Qualcomm CEO Paul Jacobs tells CNBC he doesn’t expect Intel to make a big splash in smartphones next year, despite the chip giant’s insistence that it will have a mobile product ready.
I caught up with Jacobs earlier this week in Silicon Valley and quizzed him on a number of topics including Qualcomm’s transformation from a phone enabler to a computing powerhouse, Apple’s impact on his business, and what it would mean for Microsoft to release a version of the Windows operating system that runs on ARM chips.
On the Intel matter:
On September 13 at Intel Developer Forum, I sat down with Intel EVP Dadi Perlmutter to talk growth. I asked him when Intel’s Atom chips would be ready to go head-to-head with ARM chips in smartphones and Perlmutter said: “We’re going to be in smartphones next year, and we have great technology to support this market.” (You can watch the interview here.)
A few weeks later I talked to Sanjay Jha, CEO of Motorola’s wireless and home division, and he told me he has not yet seen Intel silicon, even in a lab, that he could build into one of his phones. That suggested to me that Intel is actually a long way from challenging ARM-based chipmakers like Qualcomm in this crucial market.
I asked Jacobs, who heads the leading wireless chipset maker in the world, whether he expects to see a serious challenge from Intel phone chips in 2011.
Here’s a transcript of our exchange on the topic:
Jacobs: We aren’t seeing right now that 2011 is going to be the big breakthrough year for Intel processors in smartphones, and we’re obviously trying as hard to push that day off as long as possible. So it’s really about power consumption, can you get into that very small form factor. A tablet’s a little easier because you’ve got a bigger battery in a tablet, but even so, people care a lot about battery life. They don’t want that thing to go dead while they’re in the middle of something interesting.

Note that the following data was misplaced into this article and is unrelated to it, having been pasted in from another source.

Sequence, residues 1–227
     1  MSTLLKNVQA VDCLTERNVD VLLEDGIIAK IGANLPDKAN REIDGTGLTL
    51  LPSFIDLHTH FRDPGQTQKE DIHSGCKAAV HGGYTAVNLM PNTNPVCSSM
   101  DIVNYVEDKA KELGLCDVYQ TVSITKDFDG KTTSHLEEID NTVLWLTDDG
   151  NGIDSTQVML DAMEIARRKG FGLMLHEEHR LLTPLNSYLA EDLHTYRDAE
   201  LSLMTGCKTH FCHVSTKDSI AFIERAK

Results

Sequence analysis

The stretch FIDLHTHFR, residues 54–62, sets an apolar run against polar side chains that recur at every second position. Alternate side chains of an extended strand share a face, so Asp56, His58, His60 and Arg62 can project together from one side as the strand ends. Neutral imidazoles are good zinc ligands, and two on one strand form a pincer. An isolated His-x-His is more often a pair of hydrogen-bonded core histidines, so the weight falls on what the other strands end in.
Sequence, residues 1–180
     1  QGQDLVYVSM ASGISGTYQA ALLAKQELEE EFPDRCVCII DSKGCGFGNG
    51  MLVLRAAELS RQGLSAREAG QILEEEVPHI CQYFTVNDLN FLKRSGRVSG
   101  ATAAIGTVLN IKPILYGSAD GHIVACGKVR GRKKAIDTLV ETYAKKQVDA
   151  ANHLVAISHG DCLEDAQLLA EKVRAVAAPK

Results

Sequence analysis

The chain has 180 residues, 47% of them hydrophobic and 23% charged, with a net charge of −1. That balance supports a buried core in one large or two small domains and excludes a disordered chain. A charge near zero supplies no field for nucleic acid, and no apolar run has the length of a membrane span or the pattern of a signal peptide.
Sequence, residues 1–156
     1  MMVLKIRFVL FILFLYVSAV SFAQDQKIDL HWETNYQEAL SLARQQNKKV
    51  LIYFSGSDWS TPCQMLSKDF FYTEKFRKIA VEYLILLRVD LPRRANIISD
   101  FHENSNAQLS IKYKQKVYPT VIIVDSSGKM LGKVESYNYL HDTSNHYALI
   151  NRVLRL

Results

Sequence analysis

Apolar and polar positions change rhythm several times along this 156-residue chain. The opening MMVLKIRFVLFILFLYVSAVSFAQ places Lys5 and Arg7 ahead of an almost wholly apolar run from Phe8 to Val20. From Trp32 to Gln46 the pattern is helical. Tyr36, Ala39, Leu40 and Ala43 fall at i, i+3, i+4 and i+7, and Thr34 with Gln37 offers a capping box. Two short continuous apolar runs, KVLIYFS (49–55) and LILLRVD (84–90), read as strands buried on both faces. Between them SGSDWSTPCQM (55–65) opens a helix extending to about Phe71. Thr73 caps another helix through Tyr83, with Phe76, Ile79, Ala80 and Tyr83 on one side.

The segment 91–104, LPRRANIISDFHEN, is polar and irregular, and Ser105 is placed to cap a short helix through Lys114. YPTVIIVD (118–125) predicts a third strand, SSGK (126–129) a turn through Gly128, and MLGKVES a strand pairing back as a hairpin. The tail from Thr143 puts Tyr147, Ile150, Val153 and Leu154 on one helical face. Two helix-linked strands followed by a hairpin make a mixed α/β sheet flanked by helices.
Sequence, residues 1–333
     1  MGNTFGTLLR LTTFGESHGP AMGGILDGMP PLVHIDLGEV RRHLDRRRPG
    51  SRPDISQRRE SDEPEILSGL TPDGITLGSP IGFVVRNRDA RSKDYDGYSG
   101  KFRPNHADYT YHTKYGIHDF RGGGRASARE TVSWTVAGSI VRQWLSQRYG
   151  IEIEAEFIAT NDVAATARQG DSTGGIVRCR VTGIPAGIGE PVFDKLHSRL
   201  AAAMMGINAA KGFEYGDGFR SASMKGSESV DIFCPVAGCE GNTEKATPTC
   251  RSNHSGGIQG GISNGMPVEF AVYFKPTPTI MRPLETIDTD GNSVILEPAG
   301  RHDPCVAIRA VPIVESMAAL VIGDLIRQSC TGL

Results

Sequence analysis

So power consumption is going to be absolutely critical, but also this notion of integration. Intel’s bought Infineon [its wireless baseband business], they’re going to try to integrate their baseband and their processor together; that’ll take a little while for them to get that going as well, and where space is at a premium, in a smartphone, you’re going to need that integrated solution.
Fortt: And it seems like the goal posts keep moving. When I saw Apple’s FaceTime kind of ushering in the era of dual cameras being standard in high-end smartphones, the other thing I thought was, ‘Boy, that’s going to take some real software/hardware integration to make the battery life work.”
Fortt: It makes it even tougher for Intel to make it into this high-end market where they would have to get a foothold. Do you see it the same way?
Jacobs: It’s really going to be about getting as much computing and power consumption at the same time, and we’ve got new processors coming out. You talk about the goal posts moving, you know: The next processor has five times the performance of the current processor and can run at 75% of the power at the same kind of speed rating. So there’s a lot of work that’s going into making the processor itself both more powerful from a computation standpoint and more power efficient for battery life.